University officials stress faculty growthTweet
Binghamton University has 55 faculty searches underway for the 2014-15 academic year, Executive Vice President for Academic Affairs and Provost Donald Nieman told the University Council during its first meeting of the year.
“Hiring faculty is great, but we are trying to make sure that we are strategic in our hiring,” Nieman said. “If you simply hire faculty and sprinkle them lightly over the University, you will achieve excellence nowhere. We have tried to identify areas where we have existing strengths and – with additional hires – where we can become pre-eminent nationally and even internationally.”
Of the 55 searches, 35 are connected to the University’s five Transdisciplinary Areas of Excellence, Nieman said. Those areas are: citizenship, rights and cultural belonging; health sciences; material and visual worlds; smart energy; and sustainable communities.
“These are big issues that tackle important, complex problems,” Nieman said. “You can address them in a significant way by bringing to bear the skills and perspectives of faculty from different disciplines.”
Nieman was one of several University leaders to discuss achievement and goals with council members during a meeting in the Couper Administration Building on Sept. 20.
The provost also emphasized that 93 tenure-track faculty members have been hired in the past two years, resulting in a net gain of 67 tenure-track faculty members.
“Faculty growth is a critical part of the NYSUNY 2020 plan,” he said. “It’s creating a lot of intellectual energy around campus, but (new faculty members) allow us to offer students a stronger education because we are reducing the student-to-faculty ratio.” (19-to-1 this fall, compared to a previous level of 21-to-1.)
Officials also discussed campus spirit initiatives, such as encouraging the campus community wearing green on Fridays. Athletics will play a major role in spirit, Director of Athletics Patrick Elliott said, citing a re-launched “BU Zoo” and a new iTunes app with a “P.R.I.D.E. Points” rewards program.
“Having a Division 1 program is an asset,” Elliott said. “Our student-athletes will be all over the country representing Binghamton University. They are going to have the name ‘Binghamton’ across their shirts. We want to be able to get the Binghamton name out.”
Other highlights from University leaders included:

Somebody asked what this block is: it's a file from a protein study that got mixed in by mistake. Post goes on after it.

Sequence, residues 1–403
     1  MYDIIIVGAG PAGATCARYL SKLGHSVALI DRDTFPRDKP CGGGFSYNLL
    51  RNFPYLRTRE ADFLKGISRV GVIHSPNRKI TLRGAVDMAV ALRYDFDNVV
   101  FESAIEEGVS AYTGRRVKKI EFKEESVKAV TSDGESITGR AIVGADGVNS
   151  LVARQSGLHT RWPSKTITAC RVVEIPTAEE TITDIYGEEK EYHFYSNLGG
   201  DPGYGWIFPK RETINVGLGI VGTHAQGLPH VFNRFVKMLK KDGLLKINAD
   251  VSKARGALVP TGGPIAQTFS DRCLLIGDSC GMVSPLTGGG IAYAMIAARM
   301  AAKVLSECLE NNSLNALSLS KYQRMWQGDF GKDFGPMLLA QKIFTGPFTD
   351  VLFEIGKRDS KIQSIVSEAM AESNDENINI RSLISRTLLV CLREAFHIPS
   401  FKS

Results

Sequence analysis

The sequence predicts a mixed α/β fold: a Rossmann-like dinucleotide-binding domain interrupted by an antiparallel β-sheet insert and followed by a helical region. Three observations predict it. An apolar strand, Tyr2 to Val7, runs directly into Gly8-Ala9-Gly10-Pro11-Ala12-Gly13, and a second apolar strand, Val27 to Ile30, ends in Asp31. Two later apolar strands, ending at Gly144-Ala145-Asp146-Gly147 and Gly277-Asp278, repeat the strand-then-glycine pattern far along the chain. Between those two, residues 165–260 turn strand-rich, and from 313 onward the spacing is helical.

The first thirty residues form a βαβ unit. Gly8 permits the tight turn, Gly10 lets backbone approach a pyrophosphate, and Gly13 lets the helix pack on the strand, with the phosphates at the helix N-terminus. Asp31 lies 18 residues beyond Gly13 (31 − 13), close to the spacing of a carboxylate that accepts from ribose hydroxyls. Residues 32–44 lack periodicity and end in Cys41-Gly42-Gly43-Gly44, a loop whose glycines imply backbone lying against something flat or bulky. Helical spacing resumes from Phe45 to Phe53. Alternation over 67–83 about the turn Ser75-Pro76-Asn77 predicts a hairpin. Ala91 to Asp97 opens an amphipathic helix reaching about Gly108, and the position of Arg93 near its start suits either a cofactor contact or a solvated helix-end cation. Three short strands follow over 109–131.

• Student enrollment has grown from 14,746 in 2011 to nearly 16,000 in 2013, President Harvey Stenger said. He predicted that 2014 fall enrollment will tilt toward graduate-student growth.
• Binghamton ranks sixth among U.S. public universities for student mean SAT scores, Nieman said.
• The Division of Administration is developing a campus-wide enrollment and sign-up system in which students, parents, community members and others can purchase multiple tickets and memberships (FitSpace, Anderson Center, etc.) at one online stop.
“This will not only increase revenue, but it will increase participation,” Vice President for Administration James Van Voorst said. “People will ask: ‘What do these programs do?’ That will be a plus.”
• The Division for Advancement will begin preparing for the next comprehensive gifts campaign, Interim Vice President Rebecca Benner said. A feasible study and multi-year plan are part of the preparation. The division also will expand its outreach to increase fund-raising capacity.
“Engagement leads to giving, so we will continue to partner with Alumni Relations and the development office to involve more people in the life of the University,” Benner said.
• The Division of Research will open the Center of Excellence and Smart Energy in 2013-14, Director for Research Bahgat Sammakia said. The center will create “an environment which is conducive for excellence in collaborative research and brings together science and engineering in partnership with the community and private sector,” he said.
• Goals for the Division of Student Affairs include improving experiential learning opportunities, career development and parent partnerships. An example of improving advising and student support is additional orientation and backing for international students, Vice President for Student Affairs Brian Rose said.
“The courage it takes to come here – a new country with a new language for many – obligates us to provide as much support as we can to help them achieve the success that they desire,” Rose said.